While this universe-embracing talk was severely enlightening, if it meant standing on the peak of the roof, with the wind blowing the hair out of her eyes, and the lawn looming, green and terrible...
"Dad, can I come down now?" She clomped her sneakered foot on the roof for emphasis.
The dad reappeared and glumly propped up the ladder against the gutter. Clementine climbed down while he steadied it for her.
"I tried, dad, I really tried," she said when her toes found the blessed ground. "I don’t want to be a bad girl. I want you to be proud of me. I guess I’m just afraid of heights. Maybe we could think of something else, something not quite so...high."
"You did your best, honey. That’s all any parent can ask of their child."
"I don’t have to go to the party," Clementine said, helping the dad tote the ladder back into the garage. "You could tell them I got sick. I am feeling pretty nauseous in my stomach vicinity at the moment. Maybe it will develop into something life-threatening by tomorrow."
But the dad would not entertain any optimism. He seemed beyond consolation. He took a hammer from the dirty pegboard and hammered. Clementine let him be. She had learned from the mom that when the hammer came out, it was time to go in. So Clementine retreated to the house and practiced the accordion until bedtime.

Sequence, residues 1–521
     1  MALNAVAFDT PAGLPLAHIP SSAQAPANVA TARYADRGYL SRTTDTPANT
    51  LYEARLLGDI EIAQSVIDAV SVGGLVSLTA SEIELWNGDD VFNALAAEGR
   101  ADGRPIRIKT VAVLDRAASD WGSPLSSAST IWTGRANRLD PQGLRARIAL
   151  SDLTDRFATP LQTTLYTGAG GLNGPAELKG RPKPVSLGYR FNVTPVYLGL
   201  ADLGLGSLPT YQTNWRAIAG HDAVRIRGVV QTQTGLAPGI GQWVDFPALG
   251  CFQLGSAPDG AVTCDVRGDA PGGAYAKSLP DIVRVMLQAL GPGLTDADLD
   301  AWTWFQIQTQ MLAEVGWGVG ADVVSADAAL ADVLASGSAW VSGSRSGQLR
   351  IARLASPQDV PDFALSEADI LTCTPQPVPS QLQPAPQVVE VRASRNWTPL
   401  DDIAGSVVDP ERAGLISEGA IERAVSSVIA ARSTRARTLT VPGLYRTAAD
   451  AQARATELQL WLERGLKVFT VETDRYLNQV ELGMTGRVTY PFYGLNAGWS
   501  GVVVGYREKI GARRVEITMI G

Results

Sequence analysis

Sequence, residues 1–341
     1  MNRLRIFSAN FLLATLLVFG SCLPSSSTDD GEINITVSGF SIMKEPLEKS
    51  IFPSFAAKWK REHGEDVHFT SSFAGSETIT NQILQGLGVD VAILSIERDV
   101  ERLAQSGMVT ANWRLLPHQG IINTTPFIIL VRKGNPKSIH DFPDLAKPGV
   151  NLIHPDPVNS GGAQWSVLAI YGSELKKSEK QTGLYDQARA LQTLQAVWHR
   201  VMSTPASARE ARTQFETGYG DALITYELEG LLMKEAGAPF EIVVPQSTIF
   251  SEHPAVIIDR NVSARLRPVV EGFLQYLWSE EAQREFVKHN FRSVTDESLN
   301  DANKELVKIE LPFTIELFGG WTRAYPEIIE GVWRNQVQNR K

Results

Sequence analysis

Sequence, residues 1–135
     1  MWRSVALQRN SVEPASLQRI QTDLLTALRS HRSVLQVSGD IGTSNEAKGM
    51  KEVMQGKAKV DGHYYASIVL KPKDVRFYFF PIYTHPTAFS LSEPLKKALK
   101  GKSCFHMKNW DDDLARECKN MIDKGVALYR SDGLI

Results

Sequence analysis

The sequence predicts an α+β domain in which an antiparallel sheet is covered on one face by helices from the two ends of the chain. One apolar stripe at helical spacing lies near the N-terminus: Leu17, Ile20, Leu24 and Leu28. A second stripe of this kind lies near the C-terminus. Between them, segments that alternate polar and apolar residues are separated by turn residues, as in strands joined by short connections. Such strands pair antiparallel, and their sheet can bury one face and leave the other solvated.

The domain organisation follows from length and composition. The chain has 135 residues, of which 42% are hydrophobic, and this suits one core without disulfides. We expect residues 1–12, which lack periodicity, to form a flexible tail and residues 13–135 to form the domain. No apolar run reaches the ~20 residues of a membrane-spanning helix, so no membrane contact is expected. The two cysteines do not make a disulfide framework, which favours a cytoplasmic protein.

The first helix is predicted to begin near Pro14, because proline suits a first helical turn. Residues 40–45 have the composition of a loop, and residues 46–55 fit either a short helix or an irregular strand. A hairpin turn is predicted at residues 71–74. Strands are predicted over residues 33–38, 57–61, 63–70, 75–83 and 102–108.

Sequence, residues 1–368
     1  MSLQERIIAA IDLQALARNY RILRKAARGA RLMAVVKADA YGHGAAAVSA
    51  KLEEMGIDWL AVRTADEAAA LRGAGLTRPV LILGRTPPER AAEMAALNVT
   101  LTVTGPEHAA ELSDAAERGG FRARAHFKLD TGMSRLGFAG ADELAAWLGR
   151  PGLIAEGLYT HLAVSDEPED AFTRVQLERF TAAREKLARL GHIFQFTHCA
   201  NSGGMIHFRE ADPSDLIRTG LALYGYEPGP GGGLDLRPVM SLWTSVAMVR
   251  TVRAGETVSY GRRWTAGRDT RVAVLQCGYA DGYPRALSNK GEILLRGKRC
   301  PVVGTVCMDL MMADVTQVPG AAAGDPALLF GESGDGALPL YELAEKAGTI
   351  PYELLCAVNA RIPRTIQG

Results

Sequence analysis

The lightning was a smile in the darkness, a second chance. Clementine woke up, disoriented, sweating. The sheets felt like a straitjacket. She kicked them away and sat up. What time was it? Two-thirteen. Rain hammered the windowpane. The big oak tree in the backyard swayed and shook and shimmied.
Woo, woo, woo, said the sirens.
"Come on, kid!" the dad howled from the doorway, his black rain slicker hurriedly pulled over his striped pajamas. "We have to get a move on! Don’t you hear the sirens?"
"Uhh, yeah ," Clementine said sleepily. She tumbled out of bed and followed him down the hallway and through the kitchen. He yanked open the basement door, grabbed an umbrella and led the way to the garage.
"The storm’s a doozy," the dad said, as he backed the car out into the flooded street. "Biggest one of the year, I bet. Boy, look at that lightning."
"It’s so dark," Clementine said, wiping at the fogged window with the sleeve of her nightshirt. "I don’t think I could see a tornado even if it was right over our heads."